POD is Bad Business
I have discovered a terrible truth about Print on Demand publishing. I already knew that it was more expensive per book than traditional printing, but what I have learned in recent days is much worse for aspiring authors than most realize.
You see, normally book stores don’t pay for most of the books that you see in stores until you, the customer, actually buy the book. That’s right, they might pay shipping, but the only persons who typically contribute money to the printing costs of books are you and the publisher.
Except with print on demand..aka. POD.
With POD, the publisher only orders and pays for books that they will stock themselves. Orders placed by distributors, and the book stores who buy through them (like Barnes and Noble), and not direct from the publisher, have to pay up front to print any POD books with which to stock their shelves or sell at book signings. With non-POD books, the books are printed and warehoused ahead of time and are typically ordered by stores on credit (something like 90 days) with a full return policy that often gets fully utilized if the book does not move before the bill is due.
So bookstores usually respond to this issue by not ordering POD books at all.
That’s right. All you folks who look forward to self publishing your books with POD, along with all you small publishers who think you’ve found in POD an easier, lower-risk way to get books printed and to market, all you have found is an easy way to see your name in print on books that will probably never find their way to a bookstore shelf unless you either become so widely known on your own that you don’t need bookstores, set the books on the bookstore shelves on consignment (with little or no margin for you), or negotiate with each small store whose business model allows them to buy direct from publishers (ie. not chain stores). Sure, it may be a good deal for you authors who want to personally shake the hand of every reader who ever buys your book or who like buying and hand-carrying your own books to book signings. But if you dream of seeing your book on bookstore shelves nationwide you will most likely never see that dream realized through POD publishing unless you personally sell enough books to attract the attention of a big-name publisher.
I spoke with a printer the other day who caters to self-published folks and read through the email that they sent me listing their services. The things that they offer are tempting and compelling—PDF-to-publish is totally free. The various marketing services that they offer all seem quite reasonably priced, but when I asked if I can pay up front for the printing and go non-POD, so that the book can be more easily ordered by bookstores for stock and for signings, they said that they don’t do that. Also, the marketing services that they sell are all important things that all authors who want to be successful should do, but I am doing all of those things already with the help of Cowboy Logic Press and my publicist.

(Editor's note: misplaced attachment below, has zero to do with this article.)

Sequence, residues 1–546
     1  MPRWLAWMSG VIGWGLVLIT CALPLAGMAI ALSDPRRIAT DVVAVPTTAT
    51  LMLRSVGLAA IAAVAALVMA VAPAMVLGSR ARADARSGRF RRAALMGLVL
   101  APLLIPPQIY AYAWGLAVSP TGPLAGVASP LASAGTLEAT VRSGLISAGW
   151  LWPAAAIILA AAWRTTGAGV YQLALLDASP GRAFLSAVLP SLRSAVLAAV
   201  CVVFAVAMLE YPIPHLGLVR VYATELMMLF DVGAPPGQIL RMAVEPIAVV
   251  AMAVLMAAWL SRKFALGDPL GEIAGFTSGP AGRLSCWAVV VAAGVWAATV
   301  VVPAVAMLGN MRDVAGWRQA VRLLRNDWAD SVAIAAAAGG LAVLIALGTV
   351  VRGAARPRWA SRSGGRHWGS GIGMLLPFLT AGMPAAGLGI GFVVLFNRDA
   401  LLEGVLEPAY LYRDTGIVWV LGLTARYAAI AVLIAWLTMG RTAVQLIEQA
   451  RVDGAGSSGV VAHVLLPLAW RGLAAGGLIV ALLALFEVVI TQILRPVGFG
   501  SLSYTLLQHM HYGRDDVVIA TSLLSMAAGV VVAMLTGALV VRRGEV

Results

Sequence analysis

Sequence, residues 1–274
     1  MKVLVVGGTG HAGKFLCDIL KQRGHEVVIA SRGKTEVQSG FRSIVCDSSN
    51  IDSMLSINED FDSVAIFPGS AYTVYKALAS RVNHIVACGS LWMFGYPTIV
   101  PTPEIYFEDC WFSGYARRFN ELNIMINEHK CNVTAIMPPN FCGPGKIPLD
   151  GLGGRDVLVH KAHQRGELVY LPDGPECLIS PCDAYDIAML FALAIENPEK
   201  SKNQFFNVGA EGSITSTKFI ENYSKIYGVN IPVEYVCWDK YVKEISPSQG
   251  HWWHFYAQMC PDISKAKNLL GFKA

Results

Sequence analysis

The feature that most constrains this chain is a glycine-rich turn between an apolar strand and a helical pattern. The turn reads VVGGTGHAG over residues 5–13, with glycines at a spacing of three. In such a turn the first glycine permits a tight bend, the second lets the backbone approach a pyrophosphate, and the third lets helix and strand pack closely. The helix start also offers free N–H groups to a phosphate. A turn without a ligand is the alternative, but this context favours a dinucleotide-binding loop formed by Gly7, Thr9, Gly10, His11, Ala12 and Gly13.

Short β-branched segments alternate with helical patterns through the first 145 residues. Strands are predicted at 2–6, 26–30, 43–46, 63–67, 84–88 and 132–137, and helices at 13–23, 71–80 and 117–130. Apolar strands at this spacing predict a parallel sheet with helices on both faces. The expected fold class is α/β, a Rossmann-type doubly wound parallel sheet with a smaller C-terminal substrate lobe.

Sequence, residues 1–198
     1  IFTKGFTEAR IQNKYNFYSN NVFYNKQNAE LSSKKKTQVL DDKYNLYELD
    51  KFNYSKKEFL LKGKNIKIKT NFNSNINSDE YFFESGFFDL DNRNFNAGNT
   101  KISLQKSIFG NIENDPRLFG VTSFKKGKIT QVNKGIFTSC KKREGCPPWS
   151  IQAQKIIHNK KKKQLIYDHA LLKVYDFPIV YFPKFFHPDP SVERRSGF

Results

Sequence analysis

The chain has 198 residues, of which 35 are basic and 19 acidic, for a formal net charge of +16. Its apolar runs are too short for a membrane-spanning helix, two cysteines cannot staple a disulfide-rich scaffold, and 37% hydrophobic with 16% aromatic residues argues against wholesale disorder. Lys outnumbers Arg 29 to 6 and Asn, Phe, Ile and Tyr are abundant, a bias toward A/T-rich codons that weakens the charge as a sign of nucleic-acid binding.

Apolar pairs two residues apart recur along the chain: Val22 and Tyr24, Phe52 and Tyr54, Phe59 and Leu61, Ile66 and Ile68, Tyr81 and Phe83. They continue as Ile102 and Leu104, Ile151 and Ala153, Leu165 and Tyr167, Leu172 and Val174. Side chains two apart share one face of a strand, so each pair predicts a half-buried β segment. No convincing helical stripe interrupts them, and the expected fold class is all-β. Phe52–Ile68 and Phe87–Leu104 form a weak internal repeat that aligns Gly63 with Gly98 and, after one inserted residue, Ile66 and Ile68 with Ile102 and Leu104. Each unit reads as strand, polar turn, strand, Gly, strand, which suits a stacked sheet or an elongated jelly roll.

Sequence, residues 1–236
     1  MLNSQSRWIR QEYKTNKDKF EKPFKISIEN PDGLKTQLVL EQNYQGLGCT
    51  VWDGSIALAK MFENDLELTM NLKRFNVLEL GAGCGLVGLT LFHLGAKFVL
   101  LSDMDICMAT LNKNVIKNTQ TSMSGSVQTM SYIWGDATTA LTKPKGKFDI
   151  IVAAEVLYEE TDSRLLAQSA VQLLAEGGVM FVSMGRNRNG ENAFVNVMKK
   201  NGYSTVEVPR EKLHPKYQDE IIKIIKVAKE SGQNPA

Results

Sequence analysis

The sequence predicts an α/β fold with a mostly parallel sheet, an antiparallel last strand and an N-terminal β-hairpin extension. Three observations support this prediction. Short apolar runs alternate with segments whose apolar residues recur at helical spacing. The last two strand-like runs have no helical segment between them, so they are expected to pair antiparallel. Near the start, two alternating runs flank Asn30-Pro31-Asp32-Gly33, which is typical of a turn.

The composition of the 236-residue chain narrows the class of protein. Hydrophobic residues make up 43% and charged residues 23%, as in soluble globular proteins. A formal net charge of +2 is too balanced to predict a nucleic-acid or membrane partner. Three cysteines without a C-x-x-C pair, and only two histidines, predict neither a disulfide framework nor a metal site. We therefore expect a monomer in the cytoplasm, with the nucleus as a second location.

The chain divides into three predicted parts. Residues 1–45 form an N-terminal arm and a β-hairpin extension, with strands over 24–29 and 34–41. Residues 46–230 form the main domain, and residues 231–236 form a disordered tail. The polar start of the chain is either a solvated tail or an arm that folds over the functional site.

The reason why I am writing this is that the above facts about POD publishing have just killed my release date book signing at the Barnes and Noble in Layton, UT. I can still hold a cozy little get together with family and friends at a Wendy’s or something, but I can’t advertise to the greater general community for a larger event, I simply do not have the resources to sponsor something that size on my own. The staff of the Layton B&N, bless their hearts, could do nothing for me. Even though they worked to make it happen, their hands are tied.
So look out. I have heard independent publishers and self-published authors accuse the large chain stores like B&N of “good-ol’-boy-networking”, arrogance, and out right discrimination against small-press publishers. That is not my impression of their reaction toward me or my book. Several weeks ago, before Into the Dark was listed in B&Ns inventory database, I visited every B&N between Orem and Layton in Utah and received a mix of acceptance and rejection…mostly some level of acceptance. In fact, some of them behaved in a manner that I can best describe as outright excitement when they saw my galley. It was only when the book was listed, and they could see on the computer screen that it was POD, that they cooled off. Two of the stores’ managers were kind enough to explain to me that the only reason they could not hold a signing for me, or stock my book, was because it was listed as POD, and so company policy regarding how they buy and pay for books made it impossible for them to do business with me. This in spite of the fact that Cowboy Logic paid to print a very large supply of the book right from the start.
I should note that Barnes & Noble are very customer oriented and that you the customer can walk into any B&N in the country and order my novel or any other book that they have listed, POD or otherwise. B&N also sells my book on their website.
The POD stigma (should it be spelled KOD, Kiss Of Death instead?) will not be on my book for much longer. Cowboy Logic Press immediately went to work to correct the problem as soon as I told them. I hope I will get future signings from B&N, though I may have offended them with my pushiness, but it looks like I will not get the POD situation fully settled quickly enough to hold my release party in the Layton B&N as I have advertised.
I will distribute the link to this post to several places where aspiring authors hang out, so that they know. I hope my experiences in this matter will help someone else. I for one will never again sign a publishing contract where POD is not explicitly ruled out. It is not reasonable to ask bookstores to pay up front for an unknown book when they have lots of known books that they do not have to pay for until they are sold.
That and the reseller hesitance surrounding POD just makes selling a new book much harder and more troublesome than it has to be.